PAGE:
But I wish I could replicate the conversation that led Meade to paraphrase the quote. He said "Patriotism is the last bastion of the scoundrel." Which makes me wonder: What's the difference between a refuge and a bastion?
refugeThe dictionary man chose the better word for his aphorism. And Meade's deviation says something about his relationship with patriotism. I love the details in the etymology of those 2 words — fleeing versus a fortress. We'd puzzled some of that out before checking the wonderful Online Etymology Dictionary. Fascinating to look closely at a word and find the dead metaphor. It's easier to discover "fugitive" inside "refuge" than "bastille" inside "bastion," which shows the reward of paying even closer attention to things.
late 14c., from O.Fr. refuge, from L. refugium "a taking refuge, place to flee back to," from re- "back" (see re-) + fugere "to flee" (see fugitive) + -ium "place for."
1560s, from M.Fr. bastillon, dim. of O.Fr. bastille "fortress, tower, fortified, building," from O.Prov. bastir "build," perhaps originally "make with bast" (see baste (1)).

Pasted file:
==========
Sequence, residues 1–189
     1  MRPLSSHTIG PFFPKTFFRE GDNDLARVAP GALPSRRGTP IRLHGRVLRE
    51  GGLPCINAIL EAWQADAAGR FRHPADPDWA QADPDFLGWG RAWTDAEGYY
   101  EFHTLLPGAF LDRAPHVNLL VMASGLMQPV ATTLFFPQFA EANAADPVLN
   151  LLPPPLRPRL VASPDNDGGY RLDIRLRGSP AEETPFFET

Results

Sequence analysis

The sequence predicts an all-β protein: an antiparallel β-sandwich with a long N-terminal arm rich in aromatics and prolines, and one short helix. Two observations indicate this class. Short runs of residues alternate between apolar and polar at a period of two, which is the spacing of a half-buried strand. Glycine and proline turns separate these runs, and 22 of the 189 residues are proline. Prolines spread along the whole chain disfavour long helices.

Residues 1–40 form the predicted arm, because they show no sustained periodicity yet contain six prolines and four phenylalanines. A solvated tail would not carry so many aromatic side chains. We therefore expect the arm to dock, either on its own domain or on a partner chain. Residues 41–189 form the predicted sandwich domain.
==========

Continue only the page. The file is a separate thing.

But let me try to summarize the conversation that led us to that quote.
1. I was saying how impressed I am that the American people genuinely care about the Constitution and that we believe our elected representatives must abide by it. I was thinking of this poll that showed that only 20% of American voters think the individual mandate is constitutional and only 37% think the Supreme Court should uphold it. That, despite the media effort to treat the challenge to the law as trivial or worse and to promote the idea that it's embarrassingly retrograde to think courts should enforce constitutional limits on Congress's enumerated powers.
2. After I used the word "sacred" to characterize the way Americans think of the Constitution, Meade expressed suspicion about regarding worldly things as religious, and I agreed, noting the way we Americans have come up with our own alternative to ancient ideas about monarchs embodying God's will.
3. We talked about how, when we were young, coming out of the culture of the 1960s, we thought of "patriotism" in a negative light. It was all about mindless deference to power (which, I note now, is the opposite of what constitutional limits on government represents).
4. Meade comes up with the quote.